A Highly-Skilled Opportunity for Trump on Immigration


Political wrangling over the future of immigration policy has been leading national headlines over the past few weeks, and the debate shows no signs of subsiding. Congressional leadership is negotiating with the White House over legislation to address the legal status of unauthorized immigrants brought to the United States as children many years ago, while the President continues to demand funding to build a “wall” on the country’s southern border.

On January 20th, the federal government shut down when the Senate couldn’t muster the 60 votes necessary to keep the government funded, only to agree to a continuing resolution to reopen the government on the evening of January 22nd. And with the President slated to give his first State of the Union address on Tuesday, he’s sure to spend a chunk of his speech discussing America’s immigration situation.

But for supporters of free markets and competitive enterprise, one aspect of the immigration debate is often overlooked: the importance of welcoming skilled immigrants into the United States. Talented, educated, hard-working people from around the world want to come to the United States to live, work, and raise families—but America’s federal immigration laws greatly restrict the ability of skilled immigrants to come to the United States. The result? Slower economic growth, lower tax receipts, fewer inventions patented in the United States, and diminished opportunities—both economic and otherwise—for American employers, native-born citizens, and prospective immigrants.

As my former colleague Alex Nowrasteh wrote in a 2010 CEI Issue Analysis, “A Case for Open Immigration of Highly Skilled Foreign Workers,” highly skilled foreign workers tend to complement American workers, fostering technological and scientific development at U.S. companies. Indeed, many of the nation’s most successful businesses, such as Intel, Google, and eBay, were founded by immigrants. And patents filed by immigrant college graduates have been found to contribute significantly to U.S. economic growth.

Yet U.S. laws severely restrict the number of skilled foreigners who may enter the country, while imposing complex rules and costly fees on companies that do sponsor foreign. For example, firms that sponsor immigrants to come to the United States on an H-1B visa—the primary type of visa that skilled immigrants rely on to enter the country—must often pay a fee of $4,000 per worker. This figure doesn’t include legal costs related to immigration.

What about the fiscal effects of high-skill immigration? A comprehensive 2016 report by the National Academy of Sciences concluded that the net fiscal impact to federal, state, and local budgets over a 75-year period of an immigrant with a Bachelor’s Degree was $195,000 in 2012 dollars, and $452,000 for an immigrant with education beyond a Bachelor’s Degree. The net fiscal impact of these groups of well-educated only grows when the descendants of high-skilled immigrants are included, as the children of high-skilled immigrants are, like their parents, likely to contribute more to government budget receipts than they receive in government benefits.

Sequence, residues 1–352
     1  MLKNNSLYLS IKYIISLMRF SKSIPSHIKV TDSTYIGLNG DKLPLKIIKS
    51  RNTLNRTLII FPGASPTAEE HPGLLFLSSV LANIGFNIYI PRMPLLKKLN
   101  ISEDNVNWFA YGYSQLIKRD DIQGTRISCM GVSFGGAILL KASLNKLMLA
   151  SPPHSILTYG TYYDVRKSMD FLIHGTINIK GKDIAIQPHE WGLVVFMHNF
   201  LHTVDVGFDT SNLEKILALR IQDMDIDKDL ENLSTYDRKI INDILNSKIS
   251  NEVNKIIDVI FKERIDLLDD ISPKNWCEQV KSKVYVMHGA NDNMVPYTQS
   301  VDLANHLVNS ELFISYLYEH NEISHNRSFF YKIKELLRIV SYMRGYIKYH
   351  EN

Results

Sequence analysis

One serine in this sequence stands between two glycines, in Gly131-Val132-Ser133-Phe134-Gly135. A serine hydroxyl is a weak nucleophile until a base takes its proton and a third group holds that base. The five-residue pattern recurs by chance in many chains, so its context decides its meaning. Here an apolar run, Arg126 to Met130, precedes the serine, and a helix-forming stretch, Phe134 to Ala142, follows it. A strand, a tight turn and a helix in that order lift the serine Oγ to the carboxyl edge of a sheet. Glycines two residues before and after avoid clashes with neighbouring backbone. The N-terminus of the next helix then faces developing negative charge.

Even a 2007 report by the Heritage Foundation, which controversially concluded that low-skill immigrants are net cost to U.S. taxpayers, admitted that “immigrants with a college degree become positive fiscal contributors from the outset; the taxes they pay will exceed the benefits their families receive.”

Despite the significant benefits of high-skill immigration, some politicians continue to push for legislation that would result in fewer high-skilled immigrants admitted in to the United States. For example, Sens. Tom Cotton (R-AR) and David Perdue (R-GA) are co-sponsors of the RAISE Act (S. 1720), a bill that purports to advance high-skill immigration while drastically reducing legal immigration overall. The RAISE Act would change the formula that determines how high-skill immigrants seeking to come the United States are prioritized. The number of employment-based green cards available for skilled immigrants (and their immediate family members) would remain unchanged.

However, because the bill would cut or eliminate several forms of immigration that don’t emphasize skills—such as family reunification and the diversity visa—it would effectively result in far fewer skilled foreigners immigrating to the United States. That’s because many immigrants who are admitted into the United States under visa categories that don’t emphasize skills are nevertheless college graduates. Thus, under the Cotton-Perdue approach, high-skilled immigration would very likely decrease, even if the proportion of immigrants who enter the United States with a college degree grows.

President Trump and his advisers have often called for the United States to adopt an immigration system modeled after Canada’s approach, which uses a points-based system that generally prefers skilled foreign workers over family-based immigrants. However, as Alex Nowrasteh, now of the Cato Institute, has pointed out, Canada lets in far more skilled immigrants as a percentage of its population than the United States currently does. He notes that the “number of skilled-worker immigrants to Canada was equal to 0.18 percent of that country’s population” in 2013. If the United States were to replicate Canada’s system, therefore, we’d issue about 600,000 employment-based green cards annually—yet under current law, we issue just 75,000 of these green cards every year.

If the president wants to make America great again, he should call for an expansion of high-skilled immigration to improve the competitiveness of U.S. companies, reduce federal deficits, and fuel American economic growth.